My rating: 2 out of 5 stars
Date Read: January 8th, 2018
Published by Bloomsbury Publishing Plc (UK & ANZ), February 8th, 2018
Every year they gather, while the girls shoot their arrows and the boys hunt them out. The air is riddled with spiteful shadows – the wounds and fears and furies of a village year.
On a remote and unforgiving island lies a village unlike any other: Neverness. A girl is snatched by a water bull and dragged to its lair, a babe is born with a wing for an arm and children ask their fortunes of an oracle ox. While the villagers live out their own tales, enchantment always lurks, blighting and blessing in equal measure.
Folk is a dark and sinuous debut circling the lives of one generation. In this world far from our time and place, the stories of the islanders interweave and overlap, their own folklore twisting fates and changing lives.
A captivating, magical and haunting debut novel of breathtaking imagination, from the winner of the 2014 Costa Short Story Award.
I was so very much looking forward to this; I even featured it on my list of most anticipated books. This collection of connected short stories is steeped in myth and folktale and set on an island with an absolutely gorgeous cover – how could I not read this? This sounds like absolute perfection. And the writing is lyrical and the atmosphere haunting. But it is also disjointed and lacks a sufficient emotional punch to be the great book it could have been.
As is normal with short story collections, there were some that worked better for me and some that left me cold. I absolutely adored Swirling Cleft with its rumination on family and loss and love. It was stunningly beautiful and left me aching. On the other end of the spectrum I did not like Fishskin, Hareskin and thought its rumination on postpartum depression stayed on a superficial level.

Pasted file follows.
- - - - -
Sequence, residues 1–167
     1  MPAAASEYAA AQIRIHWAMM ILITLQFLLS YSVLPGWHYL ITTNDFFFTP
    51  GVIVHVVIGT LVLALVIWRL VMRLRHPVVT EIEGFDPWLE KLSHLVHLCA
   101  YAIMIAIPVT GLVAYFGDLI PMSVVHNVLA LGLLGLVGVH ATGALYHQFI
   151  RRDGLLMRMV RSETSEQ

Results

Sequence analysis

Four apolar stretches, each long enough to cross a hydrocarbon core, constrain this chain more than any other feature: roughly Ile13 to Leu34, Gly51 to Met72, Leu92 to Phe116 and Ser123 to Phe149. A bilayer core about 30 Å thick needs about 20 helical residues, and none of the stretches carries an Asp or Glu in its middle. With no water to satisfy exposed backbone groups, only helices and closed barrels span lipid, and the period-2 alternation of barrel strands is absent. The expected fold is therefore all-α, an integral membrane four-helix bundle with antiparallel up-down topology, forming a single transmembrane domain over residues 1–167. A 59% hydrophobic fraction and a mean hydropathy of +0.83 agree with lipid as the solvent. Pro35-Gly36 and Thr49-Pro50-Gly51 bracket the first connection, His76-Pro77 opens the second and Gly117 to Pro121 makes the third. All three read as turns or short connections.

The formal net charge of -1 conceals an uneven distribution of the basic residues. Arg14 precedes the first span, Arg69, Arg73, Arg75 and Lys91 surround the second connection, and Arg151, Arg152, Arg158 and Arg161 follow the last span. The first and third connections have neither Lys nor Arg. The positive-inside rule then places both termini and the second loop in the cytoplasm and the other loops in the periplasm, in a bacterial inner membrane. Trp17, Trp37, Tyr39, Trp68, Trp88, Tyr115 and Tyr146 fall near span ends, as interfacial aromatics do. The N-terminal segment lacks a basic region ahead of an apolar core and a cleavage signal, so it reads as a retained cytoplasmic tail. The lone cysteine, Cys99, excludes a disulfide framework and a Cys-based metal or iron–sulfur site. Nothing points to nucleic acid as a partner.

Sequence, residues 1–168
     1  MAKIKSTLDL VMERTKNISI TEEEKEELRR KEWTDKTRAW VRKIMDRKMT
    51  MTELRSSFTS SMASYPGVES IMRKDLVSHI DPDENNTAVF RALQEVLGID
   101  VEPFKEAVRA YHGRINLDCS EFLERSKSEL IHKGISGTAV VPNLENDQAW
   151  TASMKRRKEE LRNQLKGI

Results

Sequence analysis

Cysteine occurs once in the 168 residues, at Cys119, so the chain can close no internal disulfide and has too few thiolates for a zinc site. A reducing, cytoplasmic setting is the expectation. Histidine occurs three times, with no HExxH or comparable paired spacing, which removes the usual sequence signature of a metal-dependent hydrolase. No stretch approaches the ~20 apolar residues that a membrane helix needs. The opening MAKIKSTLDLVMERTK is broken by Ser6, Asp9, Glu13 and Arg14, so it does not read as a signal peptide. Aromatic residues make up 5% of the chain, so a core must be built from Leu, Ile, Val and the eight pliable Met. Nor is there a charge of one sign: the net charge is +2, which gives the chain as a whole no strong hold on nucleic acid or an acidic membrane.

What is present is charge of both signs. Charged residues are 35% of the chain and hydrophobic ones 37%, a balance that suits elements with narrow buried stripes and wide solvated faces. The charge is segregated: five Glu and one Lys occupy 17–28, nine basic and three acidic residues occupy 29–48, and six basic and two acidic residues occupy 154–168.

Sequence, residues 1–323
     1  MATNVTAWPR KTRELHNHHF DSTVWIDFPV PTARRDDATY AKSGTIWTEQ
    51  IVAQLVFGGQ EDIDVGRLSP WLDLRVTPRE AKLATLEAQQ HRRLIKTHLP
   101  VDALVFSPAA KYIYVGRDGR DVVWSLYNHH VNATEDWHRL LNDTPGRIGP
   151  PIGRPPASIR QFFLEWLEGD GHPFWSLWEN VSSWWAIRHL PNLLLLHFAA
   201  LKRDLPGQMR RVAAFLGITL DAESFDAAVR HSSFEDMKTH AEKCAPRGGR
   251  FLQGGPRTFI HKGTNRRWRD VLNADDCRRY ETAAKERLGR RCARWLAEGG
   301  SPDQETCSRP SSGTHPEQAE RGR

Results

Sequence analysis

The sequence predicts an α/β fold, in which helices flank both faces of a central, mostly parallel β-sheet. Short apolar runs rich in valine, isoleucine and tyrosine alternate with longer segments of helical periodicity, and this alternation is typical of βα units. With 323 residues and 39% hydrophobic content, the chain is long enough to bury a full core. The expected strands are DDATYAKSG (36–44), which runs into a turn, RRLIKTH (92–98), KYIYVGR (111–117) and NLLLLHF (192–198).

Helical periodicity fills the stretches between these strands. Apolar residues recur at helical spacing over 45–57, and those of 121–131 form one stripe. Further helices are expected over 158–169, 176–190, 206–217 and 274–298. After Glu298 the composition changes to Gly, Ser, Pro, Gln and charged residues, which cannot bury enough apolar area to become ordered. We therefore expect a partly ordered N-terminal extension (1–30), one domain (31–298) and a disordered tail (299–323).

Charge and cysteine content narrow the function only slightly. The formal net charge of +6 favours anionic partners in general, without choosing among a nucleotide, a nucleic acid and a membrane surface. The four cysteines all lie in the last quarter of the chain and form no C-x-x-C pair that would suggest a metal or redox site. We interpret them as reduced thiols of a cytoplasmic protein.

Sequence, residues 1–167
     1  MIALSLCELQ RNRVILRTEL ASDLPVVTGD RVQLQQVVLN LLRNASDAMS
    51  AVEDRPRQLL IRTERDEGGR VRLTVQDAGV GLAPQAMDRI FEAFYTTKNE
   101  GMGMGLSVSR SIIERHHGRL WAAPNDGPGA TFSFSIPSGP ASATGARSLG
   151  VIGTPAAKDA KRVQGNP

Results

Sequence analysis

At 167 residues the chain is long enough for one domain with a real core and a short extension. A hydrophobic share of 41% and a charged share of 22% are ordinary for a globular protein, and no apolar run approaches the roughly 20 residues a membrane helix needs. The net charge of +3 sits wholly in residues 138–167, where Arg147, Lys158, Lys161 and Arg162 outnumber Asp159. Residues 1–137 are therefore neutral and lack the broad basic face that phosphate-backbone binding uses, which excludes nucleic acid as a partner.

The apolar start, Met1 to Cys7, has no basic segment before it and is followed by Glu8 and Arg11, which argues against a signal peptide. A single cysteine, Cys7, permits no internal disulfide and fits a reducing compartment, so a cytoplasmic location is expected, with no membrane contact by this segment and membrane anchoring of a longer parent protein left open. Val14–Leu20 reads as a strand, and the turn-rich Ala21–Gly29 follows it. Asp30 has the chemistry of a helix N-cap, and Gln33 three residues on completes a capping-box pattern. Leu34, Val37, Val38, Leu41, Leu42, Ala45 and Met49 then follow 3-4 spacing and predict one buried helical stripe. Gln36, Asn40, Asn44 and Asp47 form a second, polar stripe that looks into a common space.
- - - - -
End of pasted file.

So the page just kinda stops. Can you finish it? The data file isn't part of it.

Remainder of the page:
The language is absolutely stunning with vivid imagery and interestingly structured sentences (that sometimes border on inaccessible). Zoe Gilbert has a brilliant way of creating metaphors and storylines that feel familiar while still being original. Her original fairy tales feel just like that: fairy tales. Their matter-of-factness in their weirdness is spot on and brilliantly done.
I think ultimately my main problem was that the connections between the stories were not strong enough to give the individual stories the impact and depth I would have liked while the stories themselves often were not strong enough to stand on their own. I could never remember the characters between each stories because they mostly did not leave all that deep an impression on me and I think this lack of connection is what ultimately left me feeling mostly ambivalent about this book.
I received an arc of this book courtesy of NetGalley and Bloomsbury Publishing in exchange for an honest review.